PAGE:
Research data management and publication are growing concerns for researchers in a number of disciplines. With advances in computational techniques, the possibilities for data reuse have grown, while expectations for data sharing among grant funding agencies and within research communities have also increased. The Digital Scholarship and Scholarly Communications Team is here to help you find the tools you need to develop a data management plan, follow best practices for data management throughout the life of your research project, and publish your datasets in an appropriate repository.
Grant funding agencies are increasingly requiring applicants to submit a data management plan as part of written proposals. Data management, however, goes beyond the plan submitted to a funding body to encompass the steps taken throughout the research process to ensure the longevity and usefulness of a data set.
Scholarly repositories preserve and dissiminate scholarly research in many forms. By uploading papers to scholarly repositories, professors can immediately share them with colleagues and other interested parties around the world. Scholarly repositories are essential components of the so-called “green” open access model.
The datasets underlying research findings are increasingly acknowledged as valuable scholarly products. Through data publication, researchers can give more visibility to their work while making their research data available to others for reuse. There are a number of great reasons for publishing data, including meeting funding agency requirements, advancing knowledge within your discipline, and increasing exposure to your research.
The benefits of data sharing to advance knowledge are becoming increasingly clear, and data intensive research has come to be known as the Fourth Paradigm of Discovery (along with empirical, theoretical, and computational modes). By performing new analyses and meta-analyses of datasets, researchers can use existing data sources to answer new questions.
Sharing the datasets that support research findings also makes the research process more open, permitting others to replicate the findings of a study. To advance this goal, a number of journals (e.g. Nature and the Public Library of Science [PLOS]) require authors to submit datasets along with articles for peer review, and to describe how they will make those datasets publicly available.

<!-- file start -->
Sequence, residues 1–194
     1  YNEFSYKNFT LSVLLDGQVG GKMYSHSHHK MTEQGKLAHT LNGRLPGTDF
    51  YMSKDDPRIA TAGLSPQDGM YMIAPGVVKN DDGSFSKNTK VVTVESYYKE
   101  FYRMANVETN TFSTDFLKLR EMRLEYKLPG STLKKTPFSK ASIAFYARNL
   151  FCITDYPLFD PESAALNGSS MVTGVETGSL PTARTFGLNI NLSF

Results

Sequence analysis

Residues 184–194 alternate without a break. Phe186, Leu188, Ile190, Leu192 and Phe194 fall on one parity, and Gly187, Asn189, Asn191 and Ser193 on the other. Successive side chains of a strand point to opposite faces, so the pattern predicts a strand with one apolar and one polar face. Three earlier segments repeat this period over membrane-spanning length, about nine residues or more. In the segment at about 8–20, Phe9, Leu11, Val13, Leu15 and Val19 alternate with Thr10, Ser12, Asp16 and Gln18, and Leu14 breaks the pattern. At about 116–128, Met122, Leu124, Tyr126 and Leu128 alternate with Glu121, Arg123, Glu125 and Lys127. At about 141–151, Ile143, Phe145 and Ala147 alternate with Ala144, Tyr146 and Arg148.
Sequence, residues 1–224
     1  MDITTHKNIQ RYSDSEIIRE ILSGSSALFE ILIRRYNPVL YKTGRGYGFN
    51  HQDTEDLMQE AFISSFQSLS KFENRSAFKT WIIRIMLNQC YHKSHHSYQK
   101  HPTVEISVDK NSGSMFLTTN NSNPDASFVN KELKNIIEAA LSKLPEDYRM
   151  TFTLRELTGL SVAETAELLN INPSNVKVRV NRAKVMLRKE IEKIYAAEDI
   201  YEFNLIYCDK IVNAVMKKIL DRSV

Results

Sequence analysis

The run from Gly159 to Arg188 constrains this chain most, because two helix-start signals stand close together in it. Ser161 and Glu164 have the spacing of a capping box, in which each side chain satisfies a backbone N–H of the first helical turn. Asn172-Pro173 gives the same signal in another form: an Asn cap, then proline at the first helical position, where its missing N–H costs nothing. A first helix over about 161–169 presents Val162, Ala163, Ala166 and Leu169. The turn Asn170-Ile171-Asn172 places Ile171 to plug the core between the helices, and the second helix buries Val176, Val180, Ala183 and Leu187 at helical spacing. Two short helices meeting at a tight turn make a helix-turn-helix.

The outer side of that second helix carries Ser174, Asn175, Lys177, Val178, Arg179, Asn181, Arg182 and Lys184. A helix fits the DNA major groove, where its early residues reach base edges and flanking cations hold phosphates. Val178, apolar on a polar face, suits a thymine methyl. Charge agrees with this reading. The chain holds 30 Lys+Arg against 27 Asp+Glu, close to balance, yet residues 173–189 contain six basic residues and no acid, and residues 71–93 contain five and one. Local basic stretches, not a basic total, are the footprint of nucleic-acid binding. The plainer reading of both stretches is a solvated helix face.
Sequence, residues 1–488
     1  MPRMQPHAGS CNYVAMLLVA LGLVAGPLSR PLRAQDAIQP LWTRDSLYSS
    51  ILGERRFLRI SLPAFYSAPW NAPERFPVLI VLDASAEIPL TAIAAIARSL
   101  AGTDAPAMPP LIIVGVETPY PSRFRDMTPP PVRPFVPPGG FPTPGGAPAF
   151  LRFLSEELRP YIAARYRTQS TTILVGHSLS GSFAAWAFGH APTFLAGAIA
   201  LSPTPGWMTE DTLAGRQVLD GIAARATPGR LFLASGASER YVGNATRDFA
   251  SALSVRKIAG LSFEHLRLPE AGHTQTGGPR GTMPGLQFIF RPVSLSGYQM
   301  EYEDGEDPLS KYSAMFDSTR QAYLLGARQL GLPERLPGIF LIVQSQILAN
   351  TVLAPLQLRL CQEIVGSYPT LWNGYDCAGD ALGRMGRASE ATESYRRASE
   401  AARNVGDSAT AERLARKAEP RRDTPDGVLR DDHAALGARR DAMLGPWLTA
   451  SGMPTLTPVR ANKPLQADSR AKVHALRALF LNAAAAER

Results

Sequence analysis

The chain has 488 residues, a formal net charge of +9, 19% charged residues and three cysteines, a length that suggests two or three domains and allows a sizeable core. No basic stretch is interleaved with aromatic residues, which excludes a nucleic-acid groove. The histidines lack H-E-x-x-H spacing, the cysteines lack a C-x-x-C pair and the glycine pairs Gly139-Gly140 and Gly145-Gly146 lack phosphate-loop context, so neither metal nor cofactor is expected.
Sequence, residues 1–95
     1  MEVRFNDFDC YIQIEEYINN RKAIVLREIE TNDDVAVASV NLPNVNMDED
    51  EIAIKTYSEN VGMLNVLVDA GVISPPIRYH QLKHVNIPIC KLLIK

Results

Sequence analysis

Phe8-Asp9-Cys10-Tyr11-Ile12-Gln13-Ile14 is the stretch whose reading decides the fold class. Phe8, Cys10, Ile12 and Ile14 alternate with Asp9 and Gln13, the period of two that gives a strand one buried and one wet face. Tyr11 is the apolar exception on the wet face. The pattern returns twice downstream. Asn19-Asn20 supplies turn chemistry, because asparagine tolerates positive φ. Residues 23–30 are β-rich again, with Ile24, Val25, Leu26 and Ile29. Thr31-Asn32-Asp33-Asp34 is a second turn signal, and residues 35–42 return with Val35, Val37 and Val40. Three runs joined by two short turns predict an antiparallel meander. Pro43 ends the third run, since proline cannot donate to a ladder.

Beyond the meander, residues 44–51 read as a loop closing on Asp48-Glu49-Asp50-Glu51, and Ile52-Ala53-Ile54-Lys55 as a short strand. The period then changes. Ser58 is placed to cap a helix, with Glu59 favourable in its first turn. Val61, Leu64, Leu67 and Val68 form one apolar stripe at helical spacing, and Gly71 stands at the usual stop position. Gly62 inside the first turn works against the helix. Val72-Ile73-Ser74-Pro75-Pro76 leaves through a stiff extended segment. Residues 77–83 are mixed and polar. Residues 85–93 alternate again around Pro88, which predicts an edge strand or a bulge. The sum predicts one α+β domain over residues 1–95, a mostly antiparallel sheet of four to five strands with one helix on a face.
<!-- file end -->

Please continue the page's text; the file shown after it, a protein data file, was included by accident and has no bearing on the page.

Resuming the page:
On February 22, 2013, the Office of Science and Technology Policy (OSTP) in the Executive Office of the President released the memo Increasing Access to the Results of Federally Funded Scientific Research directing federal agencies to act to ensure that “the direct results of federally funded scientific research” [including peer-reviewed publications and digital data] “are made available to and useful for the public, industry, and the scientific community.”
In response, grant funding agencies in the United States, including the National Institutes of Health (NIH) and the National Science Foundation (NSF) now require grant applicants to submit data management plans, describing how research data will be managed during the course of a study and shared at the study’s conclusion.
Researchers who share datasets are also seeing increased citations to their work. One recent study found that
“cancer clinical trials which share their microarray data were cited about 70% more frequently than clinical trials which do not. This result held even for lower-profile publications and thus is relevant to authors of all trials.”
While these findings are specific to cancer clinical trials, we can expect to see more studies addressing citation rates for datasets in a variety of disciplines.
Piwowar HA, Day RS, Fridsma DB (2007) Sharing Detailed Research Data Is Associated with Increased Citation Rate. PLoS ONE 2(3): e308. http://dx.doi.org/10.1371/journal.pone.0000308
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